Should a Polyamorous Triad Receive Help Getting Pregnant?
If you watch our show closely, you'll realize it's not the medical treatments that make Private Practice different than other shows on television; rather, it's the ethical debates surrounding the myriad decisions our doctors need to make every week.
In this season's tenth episode, "Are You My Mother," Jake finds himself in what seems like a perfectly average fertility consultation: KENDRA and ROSE have been together for six years and would like to have a baby. Complicating matters slightly is the additional presence of EVAN, Kendra and Rose's neighbor, who has volunteered to donate his sperm to fertilize Rose's egg which would then be implanted into Kendra's uterus, giving both women the opportunity to be part of the birthing experience. Jake senses that the trio is underestimating the potential complications of having a non-anonymous sperm donor, and insists that they meet with Violet before going through with the procedure.
Shortly into the therapy session, Violet senses that they're more than just a same sex couple looking for a sperm donor, and she's correct – Kendra, Rose and Evan are in love with each other, participants in a polyamorous relationship. This controversial alternative lifestyle poses the ethical debate:
Is it appropriate to assist a polyamorous triad with having a child?
This becomes a point of contention among the doctors at Seaside Health and Wellness. On one hand, polyamory has the societal stigma of being an unsavory, cultish lifestyle but on the other hand, and as we see in this episode, many polyamorous relationships are just as (if not in some cases more) loving and supportive as the usual party of two.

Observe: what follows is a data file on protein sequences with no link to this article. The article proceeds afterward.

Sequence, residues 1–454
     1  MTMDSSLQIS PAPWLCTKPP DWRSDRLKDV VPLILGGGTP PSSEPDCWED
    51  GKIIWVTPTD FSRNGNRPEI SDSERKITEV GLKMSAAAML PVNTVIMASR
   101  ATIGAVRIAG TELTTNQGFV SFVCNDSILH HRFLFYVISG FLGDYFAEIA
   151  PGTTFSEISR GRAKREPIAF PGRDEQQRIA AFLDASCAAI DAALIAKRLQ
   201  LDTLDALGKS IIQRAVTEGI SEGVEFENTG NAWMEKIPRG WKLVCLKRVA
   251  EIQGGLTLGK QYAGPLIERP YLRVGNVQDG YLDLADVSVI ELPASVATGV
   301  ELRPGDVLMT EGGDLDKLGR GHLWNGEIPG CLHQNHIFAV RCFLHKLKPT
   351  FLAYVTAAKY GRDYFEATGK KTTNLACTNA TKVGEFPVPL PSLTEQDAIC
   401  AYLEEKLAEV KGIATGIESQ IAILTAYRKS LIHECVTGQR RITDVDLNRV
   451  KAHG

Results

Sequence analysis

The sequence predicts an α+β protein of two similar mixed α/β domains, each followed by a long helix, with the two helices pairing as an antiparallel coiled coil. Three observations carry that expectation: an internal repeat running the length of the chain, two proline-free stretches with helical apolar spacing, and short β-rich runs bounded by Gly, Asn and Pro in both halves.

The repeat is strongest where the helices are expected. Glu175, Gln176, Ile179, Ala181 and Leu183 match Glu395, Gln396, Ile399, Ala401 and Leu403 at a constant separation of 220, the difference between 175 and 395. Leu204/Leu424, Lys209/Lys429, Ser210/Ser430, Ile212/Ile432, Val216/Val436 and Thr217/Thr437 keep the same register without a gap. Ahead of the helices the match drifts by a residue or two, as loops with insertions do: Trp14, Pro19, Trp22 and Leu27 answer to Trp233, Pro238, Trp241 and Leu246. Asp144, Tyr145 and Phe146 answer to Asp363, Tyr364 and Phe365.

Recent reports suggest that to date, there are roughly half a million polyamorous households in the United States. Polyamorous lifestyles are definitely not for everyone, and issues with jealousy and possessiveness are common, but those who have the desire to make it work for them function well in households with established guidelines amongst all parties. As our doctors debate the situation, the point is made that other "alternative" lifestyles such as interracial and same sex couples were also questioned once upon a time, but are now considered mainstream. With this in mind, who has the authority to judge what is or isn't a socially acceptable environment for a baby, so long as it's a loving one?
Jake's initial issue is triad or not, they tried to pull the wool over his eyes about the reality of their situation. Putting this aside, he eventually decides to move forward with helping them, but problems arise when Rose turns out to be incapable of producing a viable egg. Kendra and Evan want to move forward with conceiving a baby between the two of them, but Rose worries that despite their every effort to avoid it, having a baby together will bind Kendra and Evan more closely together than she could ever be with either of them. Rose determines that, to maintain a fair share of involvement, the only way she'll agree to have a baby is through adoption or a surrogate. Kendra agrees, saying that being in their relationship is more important to her than having a biological baby, but Evan's priorities lie with fathering a child of his own, and he walks away.
Even though their plan was ultimately unsuccessful, you think Jake did the right thing by helping this alternative household with their dream to have a baby of their own?